“Of all the sciences that I took — biology, chemistry, physics — physics really came easy to me, because it was math-based,” Munver said. “And I just remember obviously trying to do well in the class, but also enjoying the material. You have a great teacher, a teacher who teaches the material, who loves the material and has a passion for it, it makes that class that much easier and more fun and enjoyable, especially when you're first semester senior applying to college. And once I'd gotten into college, obviously, it was just a continuation of just more fun and learning. So, I really enjoyed class and I think what I remember most about it was it was a topic that was easy for me but enjoyable and very different from all of the other natural sciences.”

The two men re-connected years later at a memorial service for a former teacher at Dwight-Englewood. Kahan, retired from teaching and living in upstate New York, discovered blood in his urine in 2019, and he subsequently received a diagnosis of high-grade non-muscle invasive bladder cancer from his local urologist.

Treatment with the immunotherapy bacillus calmette-guerin (BCG) and the chemotherapy mitomycin inserted directly into the bladder followed. When his cancer recurred, Munver’s doctors recommended he seek a cystectomy, or removal of the bladder and prostate, at Memorial Sloan-Kettering Cancer Center in New York City.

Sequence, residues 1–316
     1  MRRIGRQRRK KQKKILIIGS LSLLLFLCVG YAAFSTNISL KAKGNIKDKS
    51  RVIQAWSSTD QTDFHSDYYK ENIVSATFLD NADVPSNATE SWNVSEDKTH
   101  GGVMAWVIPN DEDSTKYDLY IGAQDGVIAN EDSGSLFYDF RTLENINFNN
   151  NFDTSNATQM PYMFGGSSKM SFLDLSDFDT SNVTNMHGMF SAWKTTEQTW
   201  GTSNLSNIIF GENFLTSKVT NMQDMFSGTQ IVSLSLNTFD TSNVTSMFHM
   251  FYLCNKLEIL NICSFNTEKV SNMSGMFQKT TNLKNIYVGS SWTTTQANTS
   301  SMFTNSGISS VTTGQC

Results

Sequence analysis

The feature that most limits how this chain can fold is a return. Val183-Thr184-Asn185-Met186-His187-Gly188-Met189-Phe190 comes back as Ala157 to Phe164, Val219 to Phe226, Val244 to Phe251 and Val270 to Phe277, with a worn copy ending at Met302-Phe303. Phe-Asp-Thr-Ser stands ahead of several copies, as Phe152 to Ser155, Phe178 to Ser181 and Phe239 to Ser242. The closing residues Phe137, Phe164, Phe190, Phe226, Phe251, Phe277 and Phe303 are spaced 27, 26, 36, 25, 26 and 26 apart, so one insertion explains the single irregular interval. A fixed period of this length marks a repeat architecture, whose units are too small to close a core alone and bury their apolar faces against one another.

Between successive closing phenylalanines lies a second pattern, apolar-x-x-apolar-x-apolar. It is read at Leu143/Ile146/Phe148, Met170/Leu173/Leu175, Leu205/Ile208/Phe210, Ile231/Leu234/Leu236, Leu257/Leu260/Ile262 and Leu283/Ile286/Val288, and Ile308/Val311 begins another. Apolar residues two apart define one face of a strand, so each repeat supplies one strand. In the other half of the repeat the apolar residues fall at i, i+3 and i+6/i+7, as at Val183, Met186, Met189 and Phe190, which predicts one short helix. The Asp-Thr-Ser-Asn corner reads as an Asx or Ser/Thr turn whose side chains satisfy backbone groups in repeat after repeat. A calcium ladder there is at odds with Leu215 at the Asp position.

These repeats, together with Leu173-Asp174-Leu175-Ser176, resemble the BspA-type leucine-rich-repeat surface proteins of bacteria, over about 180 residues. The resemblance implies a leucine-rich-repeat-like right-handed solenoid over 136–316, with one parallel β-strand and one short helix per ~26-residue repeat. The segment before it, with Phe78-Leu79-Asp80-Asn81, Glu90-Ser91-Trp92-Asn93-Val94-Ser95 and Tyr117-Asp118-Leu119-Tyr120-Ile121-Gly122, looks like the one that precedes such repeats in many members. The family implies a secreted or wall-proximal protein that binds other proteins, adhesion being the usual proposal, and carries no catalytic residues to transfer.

Kahan reached out to Munver, looking for a second opinion.

“As director of minimally invasive and robotic urologic surgery, I'm always looking at novel techniques, novel therapies that can offer patients good results, as well as a great quality of life,” said Munver. “And when Peter had told me about the traditional therapies that were being used, we use them as well. We use BCG. … When BCG fails, many urologists will jump to the next step, which is removal of the bladder. And that's what I learned in residency 22 years ago, and that's what people learned 30 years ago, and that’s what people learned 50 years ago, it was that was the only algorithm.

“However, a lot has changed, and I wanted to make sure that if he needed his bladder out, that (that) was the right thing to do. And it didn't have to be (done by) with me with robotic surgery, it could have been at any other institution of his choice. But at least I wanted to offer him a second opinion from someone who is in the academic space and knows all of the latest therapies out there.”